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Pennsylvania GOP Slams Secretary of State for Releasing Contact Info of Electors

Pennsylvania Republicans are livid with the secretary of state's office for releasing not only the names of the state's electors, but also their home addresses and phone numbers.

The GOP is calling the move "unprecedented." Going by recent history, it certainly is. Previously, the secretary of state's office would release the names and home counties of electors. Now all of a sudden, Democratic Secretary of State Pedro A. Cortés discovered a way to release the personal contact information of electors, despite the fact the state had never done so previously.

Cortés's office claims they were just following the law on public documents. The GOP isn't buying it.

PennLive:

PennLive spoke to an elector said she received 18,000 emails, 130 letters and postcards and numerous phone calls after her address and phone number was released. She said she hasn't attempted to read all the emails, but most were urging her to cast her vote for Hillary Clinton.

The elector asked not to be identified, out of fear of further harassment.

The Pittsburgh Tribune-Review interviewed two other electors -- Craig Stewart, of Cumberland County, and Ash Khare of Warren County -- who each said they had also received thousands of emails.

"Most of the emails that I read were sincere and respectful," Stewart told the Tribune-Review, "but I don't even bother reading them anymore. Who can read 20,000 emails?"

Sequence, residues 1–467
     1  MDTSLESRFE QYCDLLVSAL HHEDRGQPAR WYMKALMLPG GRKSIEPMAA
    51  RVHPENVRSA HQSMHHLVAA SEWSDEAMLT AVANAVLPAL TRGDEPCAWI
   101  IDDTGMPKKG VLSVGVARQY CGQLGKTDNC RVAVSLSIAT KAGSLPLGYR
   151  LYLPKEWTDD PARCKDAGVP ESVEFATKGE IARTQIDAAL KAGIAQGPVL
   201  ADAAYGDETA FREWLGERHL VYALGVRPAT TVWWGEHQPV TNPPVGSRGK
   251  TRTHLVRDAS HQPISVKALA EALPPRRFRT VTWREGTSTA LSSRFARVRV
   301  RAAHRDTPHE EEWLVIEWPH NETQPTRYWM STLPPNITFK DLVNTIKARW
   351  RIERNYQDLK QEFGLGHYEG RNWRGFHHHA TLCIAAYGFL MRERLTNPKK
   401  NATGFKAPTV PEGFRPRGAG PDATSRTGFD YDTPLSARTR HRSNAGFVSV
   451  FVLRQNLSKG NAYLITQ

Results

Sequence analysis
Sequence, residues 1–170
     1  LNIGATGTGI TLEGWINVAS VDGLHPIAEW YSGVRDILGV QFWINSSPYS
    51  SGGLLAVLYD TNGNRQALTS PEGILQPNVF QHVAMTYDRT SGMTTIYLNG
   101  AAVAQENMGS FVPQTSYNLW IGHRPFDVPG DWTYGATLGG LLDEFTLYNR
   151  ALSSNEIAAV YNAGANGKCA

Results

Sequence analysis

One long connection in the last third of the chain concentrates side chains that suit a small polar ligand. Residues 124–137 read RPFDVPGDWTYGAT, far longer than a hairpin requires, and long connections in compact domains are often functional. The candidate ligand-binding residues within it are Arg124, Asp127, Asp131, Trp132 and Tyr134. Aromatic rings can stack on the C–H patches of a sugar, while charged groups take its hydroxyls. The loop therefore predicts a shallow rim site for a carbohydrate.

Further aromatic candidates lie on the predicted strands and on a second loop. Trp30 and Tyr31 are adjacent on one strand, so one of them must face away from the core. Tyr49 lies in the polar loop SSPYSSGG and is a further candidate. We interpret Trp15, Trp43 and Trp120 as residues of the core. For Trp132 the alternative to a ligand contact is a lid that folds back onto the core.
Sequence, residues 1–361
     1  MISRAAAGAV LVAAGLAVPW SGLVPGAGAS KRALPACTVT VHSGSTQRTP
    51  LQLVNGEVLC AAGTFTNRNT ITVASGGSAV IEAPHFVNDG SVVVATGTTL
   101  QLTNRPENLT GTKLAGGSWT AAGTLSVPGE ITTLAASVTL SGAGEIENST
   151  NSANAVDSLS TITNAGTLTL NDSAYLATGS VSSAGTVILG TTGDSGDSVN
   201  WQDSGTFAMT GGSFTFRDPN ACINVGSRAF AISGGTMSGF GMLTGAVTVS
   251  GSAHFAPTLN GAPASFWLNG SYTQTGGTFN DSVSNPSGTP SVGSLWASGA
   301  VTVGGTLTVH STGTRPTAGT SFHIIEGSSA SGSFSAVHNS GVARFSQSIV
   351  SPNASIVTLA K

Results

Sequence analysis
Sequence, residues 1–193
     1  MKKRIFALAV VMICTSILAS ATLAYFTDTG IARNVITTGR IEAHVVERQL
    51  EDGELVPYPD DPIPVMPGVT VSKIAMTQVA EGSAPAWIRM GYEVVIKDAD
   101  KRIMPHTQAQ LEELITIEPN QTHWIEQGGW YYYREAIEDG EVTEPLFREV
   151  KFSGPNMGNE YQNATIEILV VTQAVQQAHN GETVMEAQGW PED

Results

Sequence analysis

"Previously, the Pennsylvania Department of State redacted everything except for names for these types of requests," said state GOP spokeswoman Megan Sweeney.

"The Department of State's actions are directly responsible for the unprecedented harassment and potential endangering of Pennsylvania's electors by people who want the electors to ignore the will of the people."

Lawyers from the state Republican Party and Trump's campaign are exploring their legal options, Sweeney said.

Pennsylvania has 20 Electoral College electors. State parties select their 20 electors months before the election and submit them to the Department of State. When voters voted for Trump, they were actually voting for his slate of electors, who will gather Dec. 19 at the capitol to cast their votes for president in the state's Electoral College.

There is no U.S. Constitutional provision or federal law that requires electors to vote according to the results of the popular vote in their states.

Murren noted that the department had posted only the names and home counties of the electors on its website. However, she said, under state election law, the list of electors is a public document. The department followed the Election Code requirements by releasing the list, upon request, to registered voters, she said.

But the state Republican Party is not having it.

"These electors were never on the ballot, nor were they ever candidates," Sweeney said. "Nevertheless, Governor Tom Wolf's Department of State chose to break with precedent and release the phone numbers and home addresses of Pennsylvania's twenty electors."